I saw a trailer for Dan Rush’s debut film Everything Must Go and I thought, that reminds of a Raymond Carver short story. There was Will Ferrell on his front lawn, sitting in an arm chair, surround be his belongings, his living room reassembled, books and trophies, lamp and TV set. Indeed, the film turns out to be an adaptation of the four page Carver story “Why Don’t You Dance.”
It’s a bold gambit and a good one. Will Ferrell, of course, is a mega super star comedian of big box office pictures, but he plays the role of down and out Nick Halsey nice and quiet. No over the top grief. No broad humor. He is not too big a star for this small, sensitive movie.
The film begins when Nick, a recovering alcoholic who has fallen, badly, gets fired for bad behaviour. He returns home to find himself locked out of his house, wife gone, and his possessions on the grass. Crushed, he doesn’t leave. He drinks beer, pisses in his pool, falls asleep outside.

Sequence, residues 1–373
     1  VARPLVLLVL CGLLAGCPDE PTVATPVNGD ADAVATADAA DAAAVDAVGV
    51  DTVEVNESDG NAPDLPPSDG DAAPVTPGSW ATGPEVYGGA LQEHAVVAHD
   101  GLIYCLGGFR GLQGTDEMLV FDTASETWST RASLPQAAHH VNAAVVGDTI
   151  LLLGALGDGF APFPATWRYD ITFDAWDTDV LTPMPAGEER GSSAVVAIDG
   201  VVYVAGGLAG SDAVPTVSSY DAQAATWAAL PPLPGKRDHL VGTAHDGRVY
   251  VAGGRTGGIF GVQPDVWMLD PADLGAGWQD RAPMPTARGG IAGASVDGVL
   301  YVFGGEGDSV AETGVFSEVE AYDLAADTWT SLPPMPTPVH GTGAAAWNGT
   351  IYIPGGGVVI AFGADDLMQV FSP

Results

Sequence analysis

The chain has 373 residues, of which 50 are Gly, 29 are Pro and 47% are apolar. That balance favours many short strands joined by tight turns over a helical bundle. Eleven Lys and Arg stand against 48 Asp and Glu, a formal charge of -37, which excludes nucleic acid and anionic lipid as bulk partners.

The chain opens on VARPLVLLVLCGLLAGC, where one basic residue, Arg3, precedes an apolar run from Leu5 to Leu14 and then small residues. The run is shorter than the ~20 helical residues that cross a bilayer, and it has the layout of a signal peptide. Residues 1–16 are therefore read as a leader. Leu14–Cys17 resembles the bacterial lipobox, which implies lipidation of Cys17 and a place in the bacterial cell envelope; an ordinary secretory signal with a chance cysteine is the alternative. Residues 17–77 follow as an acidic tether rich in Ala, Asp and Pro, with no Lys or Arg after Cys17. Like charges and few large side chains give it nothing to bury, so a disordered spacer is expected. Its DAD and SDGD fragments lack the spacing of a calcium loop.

The Carver story is short, only four pages. A boy and girl see the man’s possessions on the lawn and see what they can buy. The mattress, the lamp, the dresser. The girl asks for good prices and is discomfited when she gets them. In the film, however, she is transformed into a pregnant young woman (the luminous Rebecca Hall) who just moved into the house across the street. To the feature film , Dan Rush also adds the character of Kenny (Christopher Jordan Wallace), a sad African-American boy looking for a father figure, a friend in the form of a sympathetic police officer (Michael Pena). Also, Laura Dern as Delilah, who represents the path not taken.
Basically, the film is not the book, though it does resonate Carver. An entire narrative is enacted, and while not entirely plausible, the story works well enough. The furniture is on the lawn, the record player hooked up to the electric outlet, playing old records. Nick and Kenny have a big garage sale. Nick and the pregnant neighbor get to have that uncomfortable dance. Everything Must Go is a fine film on it’s own, though the resolution, a happy ending of sorts, is far too clean and tidy considering its inspiration.